A Synoptic Assessment of the Amazon River-Ocean Continuum during Boreal Autumn: From Physics to Plankton Communities and Carbon Flux

Front Microbiol. 2017 Jul 31;8:1358. doi: 10.3389/fmicb.2017.01358. eCollection 2017.


The Amazon generates the world's largest offshore river plume, which covers extensive areas of the tropical Atlantic. The data and samples in this study were obtained during the oceanographic cruise Camadas Finas III in October 2012 along the Amazon River-Ocean Continuum (AROC). The cruise occurred during boreal autumn, when the river plume reaches its maximum eastward extent. In this study, we examine the links between physics, biogeochemistry and plankton community structure along the AROC. Hydrographic results showed very different conditions, ranging from shallow well-mixed coastal waters to offshore areas, where low salinity Amazonian waters mix with open ocean waters. Nutrients, mainly [Formula: see text] and [Formula: see text], were highly depleted in coastal regions, and the magnitude of primary production was greater than that of respiration (negative apparent oxygen utilization). In terms of phytoplankton groups, diatoms dominated the region from the river mouth to the edge of the area affected by the North Brazil Current (NBC) retroflection (with chlorophyll a concentrations ranging from 0.02 to 0.94 mg m-3). The North Equatorial Counter Current (NECC) region, east of retroflection, is fully oligotrophic and the most representative groups are Cyanobacteria and dinoflagellates. Additionally, in this region, blooms of cyanophyte species were associated with diatoms and Mesozooplankton (copepods). A total of 178 zooplankton taxa were observed in this area, with Copepoda being the most diverse and abundant group. Two different zooplankton communities were identified: a low-diversity, high-abundance coastal community and a high-diversity, low-abundance oceanic community offshore. The CO2 fugacity (fCO2sw), calculated from total alkalinity (1,450 < TA < 2,394 μmol kg-1) and dissolved inorganic carbon (1,303 < DIC < 2,062 μmol kg-1) measurements, confirms that the Amazon River plume is a sink of atmospheric CO2 in areas with salinities <35 psu, whereas, in regions with salinities >35 and higher-intensity winds, the CO2 flux is reversed. Lower fCO2sw values were observed in the NECC area. The ΔfCO2 in this region was less than 5 μatm (-0.3 mmol m-2 d-1), while the ΔfCO2 in the coastal region was approximately 50 μatm (+3.7 mmol m-2 d-1). During the cruise, heterotrophic and autotrophic processes were observed and are indicative of the influences of terrestrial material and biological activity, respectively.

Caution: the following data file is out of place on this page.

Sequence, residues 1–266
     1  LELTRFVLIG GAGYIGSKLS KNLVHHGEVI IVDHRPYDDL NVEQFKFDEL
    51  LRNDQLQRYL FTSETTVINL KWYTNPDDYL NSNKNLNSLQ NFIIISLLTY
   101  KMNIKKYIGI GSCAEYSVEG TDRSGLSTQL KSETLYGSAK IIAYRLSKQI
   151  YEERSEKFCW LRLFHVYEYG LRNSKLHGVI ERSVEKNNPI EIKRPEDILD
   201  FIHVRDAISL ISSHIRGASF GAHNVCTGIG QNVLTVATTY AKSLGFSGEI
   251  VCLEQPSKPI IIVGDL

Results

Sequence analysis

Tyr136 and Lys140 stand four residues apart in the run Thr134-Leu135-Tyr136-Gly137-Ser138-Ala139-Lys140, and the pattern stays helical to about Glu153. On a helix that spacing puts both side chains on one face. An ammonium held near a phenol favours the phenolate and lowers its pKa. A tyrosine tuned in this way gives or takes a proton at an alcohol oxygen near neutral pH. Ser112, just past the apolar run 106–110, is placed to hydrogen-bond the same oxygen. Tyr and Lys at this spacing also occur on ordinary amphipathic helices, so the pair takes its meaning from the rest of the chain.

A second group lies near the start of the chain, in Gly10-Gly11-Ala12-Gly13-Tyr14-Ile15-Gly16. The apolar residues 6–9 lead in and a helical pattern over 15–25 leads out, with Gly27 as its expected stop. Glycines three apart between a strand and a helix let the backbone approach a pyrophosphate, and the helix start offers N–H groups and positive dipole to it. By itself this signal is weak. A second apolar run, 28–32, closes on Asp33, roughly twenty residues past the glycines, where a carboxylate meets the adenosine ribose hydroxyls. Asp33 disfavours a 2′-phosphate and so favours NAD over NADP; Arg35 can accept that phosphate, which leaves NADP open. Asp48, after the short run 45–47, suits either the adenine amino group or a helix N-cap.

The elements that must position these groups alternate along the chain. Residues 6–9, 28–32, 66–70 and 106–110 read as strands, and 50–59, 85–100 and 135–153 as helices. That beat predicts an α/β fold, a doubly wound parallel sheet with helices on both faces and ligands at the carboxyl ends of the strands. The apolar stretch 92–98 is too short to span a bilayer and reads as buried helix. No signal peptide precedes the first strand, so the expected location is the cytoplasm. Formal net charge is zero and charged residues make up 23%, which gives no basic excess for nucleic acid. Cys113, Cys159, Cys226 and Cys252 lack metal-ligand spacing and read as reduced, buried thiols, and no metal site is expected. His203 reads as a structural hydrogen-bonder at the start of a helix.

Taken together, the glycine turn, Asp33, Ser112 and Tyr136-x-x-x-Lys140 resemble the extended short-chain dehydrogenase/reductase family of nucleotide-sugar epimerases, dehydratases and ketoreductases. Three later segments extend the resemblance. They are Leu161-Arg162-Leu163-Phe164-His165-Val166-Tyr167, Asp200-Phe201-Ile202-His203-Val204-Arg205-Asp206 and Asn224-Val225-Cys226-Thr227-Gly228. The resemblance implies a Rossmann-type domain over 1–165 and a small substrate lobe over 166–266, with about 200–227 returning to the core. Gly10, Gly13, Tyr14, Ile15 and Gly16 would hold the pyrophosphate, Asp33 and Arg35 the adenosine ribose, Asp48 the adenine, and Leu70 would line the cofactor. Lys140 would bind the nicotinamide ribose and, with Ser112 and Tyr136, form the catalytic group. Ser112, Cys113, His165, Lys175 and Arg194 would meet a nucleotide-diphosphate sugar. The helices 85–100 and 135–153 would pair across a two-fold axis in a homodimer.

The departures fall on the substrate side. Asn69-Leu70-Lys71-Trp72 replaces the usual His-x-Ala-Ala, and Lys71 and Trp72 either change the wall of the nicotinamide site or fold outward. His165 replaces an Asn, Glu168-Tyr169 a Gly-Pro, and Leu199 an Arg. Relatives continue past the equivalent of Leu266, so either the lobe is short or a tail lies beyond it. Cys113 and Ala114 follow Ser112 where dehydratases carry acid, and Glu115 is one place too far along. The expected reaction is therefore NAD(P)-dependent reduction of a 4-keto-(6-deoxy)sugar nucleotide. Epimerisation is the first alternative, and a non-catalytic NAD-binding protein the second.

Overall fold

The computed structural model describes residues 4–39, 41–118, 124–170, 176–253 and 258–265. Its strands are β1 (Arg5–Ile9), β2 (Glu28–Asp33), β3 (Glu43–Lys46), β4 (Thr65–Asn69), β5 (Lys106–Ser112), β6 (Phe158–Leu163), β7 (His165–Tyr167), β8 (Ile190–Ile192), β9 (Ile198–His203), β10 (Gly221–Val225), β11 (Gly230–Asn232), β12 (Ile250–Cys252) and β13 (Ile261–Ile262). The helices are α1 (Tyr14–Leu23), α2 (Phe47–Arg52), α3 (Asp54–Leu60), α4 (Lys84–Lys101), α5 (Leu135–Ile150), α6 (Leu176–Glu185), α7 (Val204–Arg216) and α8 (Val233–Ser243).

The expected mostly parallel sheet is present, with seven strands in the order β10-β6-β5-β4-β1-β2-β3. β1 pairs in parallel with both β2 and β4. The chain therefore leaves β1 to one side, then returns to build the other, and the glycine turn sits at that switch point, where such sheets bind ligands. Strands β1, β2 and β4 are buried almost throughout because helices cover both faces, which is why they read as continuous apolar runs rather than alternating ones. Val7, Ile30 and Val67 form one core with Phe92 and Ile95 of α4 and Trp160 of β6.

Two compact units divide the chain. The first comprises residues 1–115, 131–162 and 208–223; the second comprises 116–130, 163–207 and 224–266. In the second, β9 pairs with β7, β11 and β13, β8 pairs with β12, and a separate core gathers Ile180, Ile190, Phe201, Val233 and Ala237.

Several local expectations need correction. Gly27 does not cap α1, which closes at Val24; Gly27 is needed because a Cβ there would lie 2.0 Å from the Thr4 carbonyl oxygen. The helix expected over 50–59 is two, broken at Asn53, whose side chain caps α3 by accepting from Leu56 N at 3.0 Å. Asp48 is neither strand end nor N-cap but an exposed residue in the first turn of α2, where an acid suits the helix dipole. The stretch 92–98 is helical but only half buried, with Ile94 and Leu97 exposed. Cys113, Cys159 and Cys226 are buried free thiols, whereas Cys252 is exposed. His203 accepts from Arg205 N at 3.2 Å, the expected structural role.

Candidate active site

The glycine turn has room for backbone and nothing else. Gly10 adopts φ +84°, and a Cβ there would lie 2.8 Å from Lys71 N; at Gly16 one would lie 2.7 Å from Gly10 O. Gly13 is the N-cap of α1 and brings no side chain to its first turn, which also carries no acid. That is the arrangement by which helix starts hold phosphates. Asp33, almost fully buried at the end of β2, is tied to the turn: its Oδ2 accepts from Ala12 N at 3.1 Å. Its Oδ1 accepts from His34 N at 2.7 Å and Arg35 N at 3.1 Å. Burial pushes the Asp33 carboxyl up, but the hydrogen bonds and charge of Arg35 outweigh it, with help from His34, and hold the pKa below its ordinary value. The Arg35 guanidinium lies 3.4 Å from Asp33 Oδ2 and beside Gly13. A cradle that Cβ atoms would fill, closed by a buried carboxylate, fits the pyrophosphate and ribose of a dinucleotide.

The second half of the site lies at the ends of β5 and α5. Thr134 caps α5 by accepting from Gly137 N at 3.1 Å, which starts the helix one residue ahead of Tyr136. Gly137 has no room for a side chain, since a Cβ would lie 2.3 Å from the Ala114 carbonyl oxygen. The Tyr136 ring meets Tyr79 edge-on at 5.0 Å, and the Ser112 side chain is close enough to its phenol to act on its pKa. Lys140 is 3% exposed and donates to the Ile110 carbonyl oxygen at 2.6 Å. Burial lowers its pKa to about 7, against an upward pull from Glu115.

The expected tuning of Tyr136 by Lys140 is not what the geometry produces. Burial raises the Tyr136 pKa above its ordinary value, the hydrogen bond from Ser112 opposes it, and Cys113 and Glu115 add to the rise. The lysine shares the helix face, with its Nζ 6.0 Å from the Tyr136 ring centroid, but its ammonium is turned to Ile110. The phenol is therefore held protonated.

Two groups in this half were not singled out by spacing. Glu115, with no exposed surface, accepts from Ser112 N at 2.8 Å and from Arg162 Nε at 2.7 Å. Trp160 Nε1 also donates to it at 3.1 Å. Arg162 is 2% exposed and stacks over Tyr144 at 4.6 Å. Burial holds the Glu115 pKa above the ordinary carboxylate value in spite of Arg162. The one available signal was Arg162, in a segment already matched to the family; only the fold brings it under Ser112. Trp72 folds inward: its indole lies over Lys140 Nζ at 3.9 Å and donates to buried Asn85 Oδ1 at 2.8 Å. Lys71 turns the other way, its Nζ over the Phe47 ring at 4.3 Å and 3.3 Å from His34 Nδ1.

Keywords: Amazon River-Ocean Continuum; Camadas Finas III; biogeochemistry; carbon cycle; plankton communities; tropical Atlantic.